You can't get blood out of a stone, they say. But in Stone Mountain, Georgia, you sure can hear some unbelievably full-blooded SINGING voices. Some of the best you'll ever hear. Bill Geist went there to hear for himself:
Way, WAY Off-Broadway, at the Park Springs Retirement Community in Stone Mountain, Georgia, residents put on an annual extravaganza.
"Come on along and listen to
The lullaby of Broadway.
The hip hooray and bally-hoo
The lullaby of Broadway."
The talent is stunning. Listen to those voices! Oh, wait, they're not exactly singing.
In the outside world, lip-synching is often scandalous. Here, under 91-year-old director Marvin Himmel, it's an art.
Marvin is the Lord of lip-synch. "I was the originator in vaudeville of the lip synching," he told Geist. "I would call it 'pantomimicry.'"
He and two college classmates gained a measure of fame mimicking the Andrew Sisters back in the early 1940s, as "The Three Make-Believes."
After a long career of managing conventions, Marvin's back doing what he loves. His cast members lip-synch so well they sometimes fool people.
"People would come up to my husband and say, 'I didn't know that Shirley could sing like that,'" said one cast member. "And he'd say, 'Well, those voice lessons have finally paid off!'"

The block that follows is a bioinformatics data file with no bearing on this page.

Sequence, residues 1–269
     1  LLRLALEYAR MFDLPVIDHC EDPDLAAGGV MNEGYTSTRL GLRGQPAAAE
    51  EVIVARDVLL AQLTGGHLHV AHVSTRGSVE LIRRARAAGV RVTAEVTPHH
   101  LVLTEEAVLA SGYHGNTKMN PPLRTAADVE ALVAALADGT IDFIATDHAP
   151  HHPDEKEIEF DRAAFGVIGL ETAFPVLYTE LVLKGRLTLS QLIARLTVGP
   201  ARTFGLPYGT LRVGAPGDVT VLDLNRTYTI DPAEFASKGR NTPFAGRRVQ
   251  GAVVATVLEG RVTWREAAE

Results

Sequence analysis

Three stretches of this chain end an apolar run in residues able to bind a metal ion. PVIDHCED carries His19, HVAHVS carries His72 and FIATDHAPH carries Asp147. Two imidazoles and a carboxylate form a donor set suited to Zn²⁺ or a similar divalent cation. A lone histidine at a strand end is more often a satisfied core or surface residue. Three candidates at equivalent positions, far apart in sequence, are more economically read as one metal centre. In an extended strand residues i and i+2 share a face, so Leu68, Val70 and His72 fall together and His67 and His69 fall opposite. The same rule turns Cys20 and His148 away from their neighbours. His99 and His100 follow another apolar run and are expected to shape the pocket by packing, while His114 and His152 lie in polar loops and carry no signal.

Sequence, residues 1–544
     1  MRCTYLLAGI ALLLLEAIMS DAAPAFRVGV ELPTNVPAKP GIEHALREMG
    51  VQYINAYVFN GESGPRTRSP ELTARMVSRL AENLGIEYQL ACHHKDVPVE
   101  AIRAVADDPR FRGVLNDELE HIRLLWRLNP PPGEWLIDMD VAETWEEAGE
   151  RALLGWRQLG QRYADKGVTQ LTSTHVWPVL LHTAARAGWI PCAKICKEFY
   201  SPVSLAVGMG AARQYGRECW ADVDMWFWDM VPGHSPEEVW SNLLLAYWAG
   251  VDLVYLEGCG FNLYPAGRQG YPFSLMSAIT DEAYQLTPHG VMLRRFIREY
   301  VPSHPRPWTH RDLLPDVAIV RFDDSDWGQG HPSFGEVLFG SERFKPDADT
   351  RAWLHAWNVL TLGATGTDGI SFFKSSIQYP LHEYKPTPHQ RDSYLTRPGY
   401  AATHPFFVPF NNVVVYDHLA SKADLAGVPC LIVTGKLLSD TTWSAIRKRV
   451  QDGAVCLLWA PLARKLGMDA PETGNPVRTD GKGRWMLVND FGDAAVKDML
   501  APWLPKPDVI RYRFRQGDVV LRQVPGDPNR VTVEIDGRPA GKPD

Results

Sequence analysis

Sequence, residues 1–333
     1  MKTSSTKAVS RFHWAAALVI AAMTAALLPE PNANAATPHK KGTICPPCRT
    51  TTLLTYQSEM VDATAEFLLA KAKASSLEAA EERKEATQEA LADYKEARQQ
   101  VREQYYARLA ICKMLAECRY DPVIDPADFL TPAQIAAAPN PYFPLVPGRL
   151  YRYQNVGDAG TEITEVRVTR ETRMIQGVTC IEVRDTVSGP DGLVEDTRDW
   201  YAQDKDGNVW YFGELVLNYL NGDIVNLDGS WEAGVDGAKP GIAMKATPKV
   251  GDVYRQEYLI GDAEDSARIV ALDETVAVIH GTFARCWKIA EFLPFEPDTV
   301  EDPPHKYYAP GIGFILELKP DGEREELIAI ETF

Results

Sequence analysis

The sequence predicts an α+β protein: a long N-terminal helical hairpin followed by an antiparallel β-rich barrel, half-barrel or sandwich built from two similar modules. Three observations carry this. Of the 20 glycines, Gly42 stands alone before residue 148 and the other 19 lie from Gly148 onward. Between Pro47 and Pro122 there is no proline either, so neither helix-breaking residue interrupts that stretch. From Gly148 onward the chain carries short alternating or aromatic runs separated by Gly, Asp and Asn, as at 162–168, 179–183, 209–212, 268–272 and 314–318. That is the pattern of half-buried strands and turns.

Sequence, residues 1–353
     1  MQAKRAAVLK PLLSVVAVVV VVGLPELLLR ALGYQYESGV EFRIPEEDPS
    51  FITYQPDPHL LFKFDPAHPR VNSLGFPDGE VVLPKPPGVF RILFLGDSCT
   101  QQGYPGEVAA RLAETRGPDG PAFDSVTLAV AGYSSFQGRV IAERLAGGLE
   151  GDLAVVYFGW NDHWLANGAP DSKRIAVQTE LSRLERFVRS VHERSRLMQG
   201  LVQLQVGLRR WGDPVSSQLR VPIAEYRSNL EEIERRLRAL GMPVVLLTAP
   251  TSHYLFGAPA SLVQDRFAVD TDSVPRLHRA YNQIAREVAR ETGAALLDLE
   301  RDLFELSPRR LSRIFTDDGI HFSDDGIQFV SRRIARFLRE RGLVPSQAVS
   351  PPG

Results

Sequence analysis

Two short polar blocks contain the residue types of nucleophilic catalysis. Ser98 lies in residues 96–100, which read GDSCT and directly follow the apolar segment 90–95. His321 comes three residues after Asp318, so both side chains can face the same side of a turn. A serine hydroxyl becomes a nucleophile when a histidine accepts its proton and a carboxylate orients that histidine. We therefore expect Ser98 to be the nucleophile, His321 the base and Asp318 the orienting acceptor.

Marvin is a perfectionist. ("Your lip-synching is shallow!" he berated one player.) This may not be Broadway, but dammit, the show's gotta be good. ("Stop stop stop! Why do you insist on being at the back of the stage?!")
"We ain't no delinquents,
Deep down inside us there is good. (There is good!)"
"At my first rehearsal, he's barking like a Marine drill sergeant!" said Phil Arnold. At 74, Arnold is considered a child actor.
Avis Fox, 82, is a veteran. She has been in the show all eight years. On working with Marvin, Fox says, "He's wonderful and amazing."
And what is Marvin's view of his cast? "They mean so much to me, particularly since my wife passed away. I mean they're my family."
But he does practice "tough love" with them. "I tell 'em there's certain rules," Marvin said. "One, you don't talk. I don't need any help. You just take direction."
Marvin is producer, director, stage manager and writer. In the weeks and months leading up to the show, he can be seen zipping this way and that through the hallways on his Golden LiteRider Scooter tending to every minute detail.
Excitement builds as showtime nears. "The adrenaline is way up!" one woman said.
The four-night run is completely sold out.
"Come and meet those dancing feet,
On the avenue I'm taking you to,
The show is a combination of raucous numbers, and some touching ones that seem particularly poignant.
Man: "Ah, yes. I remember it well.
You wore a gown of gold."
Woman: "I was all in blue."
Man: "Am I getting old?"
Woman: "Oh, no, not you."
Geist asked, "What do you think this means to these people, to be involved in this?"
Marvin replied, "I'll put it this way: The title of the show is 'Forever Young, For Evermore,' and that's a big part of it. They feel young, they feel vibrant."
And what does it mean to Marvin? "Oh, love," he said. "I love these people. I love the theatre, and I love to be able to create these things. They mean so much to me, because they just lift me."
For more info:
- Park Springs Retirement Community, Stone Mountain, Ga.